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Guide to Possession claims for residential property

There are many and sometimes complicated rules that determine when a landlord can obtain a possession order against a tenant.

Family

This guide is intended as a general overview of the main process of obtaining a possession order, but you should always get advice tailored to your specific circumstances. There are particularly specific rules about using Section 21 Notices that you should seek advice on.

Standard Procedure

Under this procedure, the landlord uses the N5 Claim Form for Possession. The standard procedure is used when the landlord is claiming possession based on rent arrears or when the landlord cannot use the Accelerated Procedure, set out below.

The Claim Form should set out the details of the claim in a document called Particulars of Claim. In a claim for possession based on arrears or rent, then the Particulars include following information:

  • The amount of arrears due at the start of the claim and a full breakdown or schedule, with dates, of when the arrears started.
  • A calculation of the daily rate of rent and interest.
  • Details of what steps have been taken to recover the arrears from the tenant.
  • Information about the defendant’s circumstances, for example whether the tenant receives benefits.
  • If the possession is based on the tenant’s conduct, give details of the conduct alleged.

Once the Claim Form and Particulars have been sent to the court, the court will issue, or start, the claim and a copy of these documents are sent to the tenant. At the same time, the court will fix a date and time for the first hearing and notify all parties. How soon the first hearing will be depends a lot on how busy the local courts are but is usually 6-8 weeks.

The tenant, who is the Defendant, then has an opportunity to respond to the claim by filing a Defence with the court. The Defendant usually has 14 days to do so. The purpose of the Defence is for the tenant o respond to the various allegations made against them and to explain why a possession Order should not be made.

Unlike in other kinds of claims, in a possession claim, if a defendant does not file a defence, this does not mean the landlord automatically “wins”. The court can, however, take that failure into account when deciding what to do.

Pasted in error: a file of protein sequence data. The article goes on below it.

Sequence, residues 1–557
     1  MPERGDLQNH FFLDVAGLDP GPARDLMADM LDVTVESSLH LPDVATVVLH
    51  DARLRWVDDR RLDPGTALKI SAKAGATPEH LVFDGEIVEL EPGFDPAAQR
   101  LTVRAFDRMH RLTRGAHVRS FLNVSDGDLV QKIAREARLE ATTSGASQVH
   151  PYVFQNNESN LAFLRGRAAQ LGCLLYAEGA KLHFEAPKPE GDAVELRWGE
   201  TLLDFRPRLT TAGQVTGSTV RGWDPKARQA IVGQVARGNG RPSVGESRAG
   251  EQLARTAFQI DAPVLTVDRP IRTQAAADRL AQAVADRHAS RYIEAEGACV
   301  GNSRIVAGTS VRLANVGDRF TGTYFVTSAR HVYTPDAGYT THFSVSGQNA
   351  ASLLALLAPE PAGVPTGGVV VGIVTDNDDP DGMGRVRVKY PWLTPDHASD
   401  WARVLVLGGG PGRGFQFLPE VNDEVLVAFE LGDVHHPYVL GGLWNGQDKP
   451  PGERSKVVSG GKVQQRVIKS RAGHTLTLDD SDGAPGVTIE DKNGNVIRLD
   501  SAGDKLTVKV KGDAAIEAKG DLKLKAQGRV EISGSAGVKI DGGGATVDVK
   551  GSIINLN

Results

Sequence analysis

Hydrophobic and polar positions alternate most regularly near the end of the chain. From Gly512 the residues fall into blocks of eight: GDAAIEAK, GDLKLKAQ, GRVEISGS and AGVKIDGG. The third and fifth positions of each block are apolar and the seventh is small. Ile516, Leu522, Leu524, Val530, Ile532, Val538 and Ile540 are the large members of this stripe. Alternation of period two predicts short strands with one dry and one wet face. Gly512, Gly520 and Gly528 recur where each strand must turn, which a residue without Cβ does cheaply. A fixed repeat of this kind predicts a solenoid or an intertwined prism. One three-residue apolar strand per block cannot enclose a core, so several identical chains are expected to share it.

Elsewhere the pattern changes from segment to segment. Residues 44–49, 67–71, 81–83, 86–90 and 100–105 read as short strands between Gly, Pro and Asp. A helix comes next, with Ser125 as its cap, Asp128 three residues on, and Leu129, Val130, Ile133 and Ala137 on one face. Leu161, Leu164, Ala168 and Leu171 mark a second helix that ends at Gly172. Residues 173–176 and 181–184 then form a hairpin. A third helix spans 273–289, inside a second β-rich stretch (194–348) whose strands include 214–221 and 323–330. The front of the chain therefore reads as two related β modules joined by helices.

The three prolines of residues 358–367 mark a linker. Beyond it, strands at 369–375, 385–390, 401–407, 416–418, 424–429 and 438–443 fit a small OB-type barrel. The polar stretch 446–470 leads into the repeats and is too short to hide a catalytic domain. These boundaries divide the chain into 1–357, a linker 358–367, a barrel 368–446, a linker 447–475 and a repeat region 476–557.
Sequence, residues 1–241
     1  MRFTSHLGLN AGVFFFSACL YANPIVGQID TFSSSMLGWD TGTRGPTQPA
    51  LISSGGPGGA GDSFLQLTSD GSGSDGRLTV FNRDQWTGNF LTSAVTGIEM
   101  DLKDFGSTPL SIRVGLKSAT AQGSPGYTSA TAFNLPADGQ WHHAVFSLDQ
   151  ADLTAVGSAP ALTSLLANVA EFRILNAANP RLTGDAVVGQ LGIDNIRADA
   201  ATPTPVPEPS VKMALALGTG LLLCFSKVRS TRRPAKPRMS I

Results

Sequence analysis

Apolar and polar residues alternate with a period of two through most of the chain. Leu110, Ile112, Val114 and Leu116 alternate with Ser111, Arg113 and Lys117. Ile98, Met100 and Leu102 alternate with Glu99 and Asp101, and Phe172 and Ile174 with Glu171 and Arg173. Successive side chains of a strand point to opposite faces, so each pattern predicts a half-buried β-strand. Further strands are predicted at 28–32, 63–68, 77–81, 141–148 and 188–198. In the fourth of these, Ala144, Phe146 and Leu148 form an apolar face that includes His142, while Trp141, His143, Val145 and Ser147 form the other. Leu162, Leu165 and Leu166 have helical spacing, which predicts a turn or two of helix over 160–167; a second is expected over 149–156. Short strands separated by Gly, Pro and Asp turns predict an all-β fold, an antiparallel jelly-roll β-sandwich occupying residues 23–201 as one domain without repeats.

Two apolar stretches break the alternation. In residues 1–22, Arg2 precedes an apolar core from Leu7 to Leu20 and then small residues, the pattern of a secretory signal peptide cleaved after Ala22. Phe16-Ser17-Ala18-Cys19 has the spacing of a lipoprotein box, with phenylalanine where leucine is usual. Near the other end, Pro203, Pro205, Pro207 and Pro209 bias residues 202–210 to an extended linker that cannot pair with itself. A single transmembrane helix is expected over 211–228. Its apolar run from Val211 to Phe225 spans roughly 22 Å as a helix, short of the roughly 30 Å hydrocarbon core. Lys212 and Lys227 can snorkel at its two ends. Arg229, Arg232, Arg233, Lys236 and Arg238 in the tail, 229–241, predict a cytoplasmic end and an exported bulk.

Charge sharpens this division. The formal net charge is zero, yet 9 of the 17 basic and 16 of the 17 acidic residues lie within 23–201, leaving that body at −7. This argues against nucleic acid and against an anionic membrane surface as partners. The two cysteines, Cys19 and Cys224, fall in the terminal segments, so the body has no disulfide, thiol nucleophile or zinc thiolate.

No later than 2 clear days before the hearing, the landlord should file his/her evidence to support the claims they made in the Claim Form and particulars. They should do this by filing a Witness Statement, verified with a Statement of Truth. This Witness Statement should explain why the landlord is entitled to possession, exhibit a copy of the tenancy agreement and give clear details of all payments made or not made by the tenant and any other relevant matters.

At the hearing, the court can either treat it as a final hearing and make a decision on the day itself or the court can treat the hearing as a “directions hearing” where the court will give further directions (or a timetable of next steps) for the case to be decided at another, final, hearing at later date. Which way the court decides depends on whether the court feels there is enough evidence before it to make a final decision either way.

If the tenant does not turn up, the court can still make a possession order against them.

If the court decides that the claimant is entitled to possession, it will make an order for possession. A tenant will always been given a reasonable time to leave the premises and the parties can ask the court to decide what that date it. Where the possession order is based on a section 21 notice, the usual period is 14 days but can be extended up to 6 weeks in cases of exceptional circumstances.

Accelerated procedure

A landlord can use what is called the “accelerated possession procedure” if the landlord is terminating an assured shorthold tenancy by using a section 21 Notice. Some of the requirements a landlord must meet to use this procedure are:

  • The tenancy must have started on or after 15 January 1989.
  • The claim must be for possession only and so cannot include a claim for payment of arrears.
  • The tenancy must be a written tenancy
  • A valid notice under section 21(1) or section 21(4) of the Housing Act has been served on the tenant.

The landlord starts the claim using a N5B Claim Form. Evidence that the landlord has protected the deposit with a Tenancy Deposit Scheme must also be attached to the claim form. A landlord cannot serve a section 21 notice and utilise the accelerated procedure, if it has failed in its statutory duty to protect the deposit. The Claim form also requires a copy of the tenancy agreement and section 21 notice to be attached.

Once the claim form has been sent to court to be issued and the tenant receives a copy, the tenant has 14 days to file a Defence. If no Defence is filed, the Landlord can ask for the Possession Order to be made by simply completing the correct form and sending this to the court.

Unlike in the standard procedure, there is not normally a first hearing in the Accelerated procedure. Instead the paperwork is passed up to a judge to consider.

The judge will consider the claim and do one of the following things:

  1. Make an order for possession without a hearing; or
  2. Fix a hearing date if the judge is not satisfied that the claimant is entitled to possession under section 21; or
  3. Strike out the claim if it is obvious to the judge that the landlord is not entitled to possession.